Medicaid Often Worse Than No Insurance at All? - The American Spectator | USA News and Politics
Medicaid Often Worse Than No Insurance at All?
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Avik Roy reports that a new Government Accountability Office survey finds that children enrolled in Medicaid “have worse access to physicians than those with no insurance at all.”

How is it possible that no coverage could be better than government coverage? Roy explains that the burdensome paperwork requirements and low fees make Medicaid a headache for doctors:

It turns out that Medicaid’s problems aren’t just that the program underpays doctors. It’s also that the program is a huge hassle to work with, in terms of paperwork and billing requirements. It’s also that Medicaid reimbursement checks come late, and it takes a lot of effort on the part of busy doctors to track bureaucrats down for timely payment. An uninsured patient who pays cash is infinitely easier to deal with, even if the uninsured patient only pays $20 up-front for an office visit.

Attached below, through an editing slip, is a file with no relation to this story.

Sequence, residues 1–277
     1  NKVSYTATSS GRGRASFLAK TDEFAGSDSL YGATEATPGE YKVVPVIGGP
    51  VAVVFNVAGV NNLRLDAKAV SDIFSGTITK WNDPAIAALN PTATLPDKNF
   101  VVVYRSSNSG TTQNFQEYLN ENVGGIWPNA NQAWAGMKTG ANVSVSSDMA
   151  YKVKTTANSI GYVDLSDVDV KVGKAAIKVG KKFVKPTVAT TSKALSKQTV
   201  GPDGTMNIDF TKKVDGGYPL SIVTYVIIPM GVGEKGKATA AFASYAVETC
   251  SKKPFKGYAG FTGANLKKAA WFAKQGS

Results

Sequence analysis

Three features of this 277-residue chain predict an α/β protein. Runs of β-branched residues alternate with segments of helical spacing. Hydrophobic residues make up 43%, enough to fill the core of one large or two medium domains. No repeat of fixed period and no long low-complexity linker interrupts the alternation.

Clearly Medicaid is due for reform. Roy plugs the Coburn plan to block-grant Medicaid funds to the states. Based on this new evidence from the GAO, it seems as though any reform that moves the system closer to simply placing cash in recpients’ hands would be an improvement.

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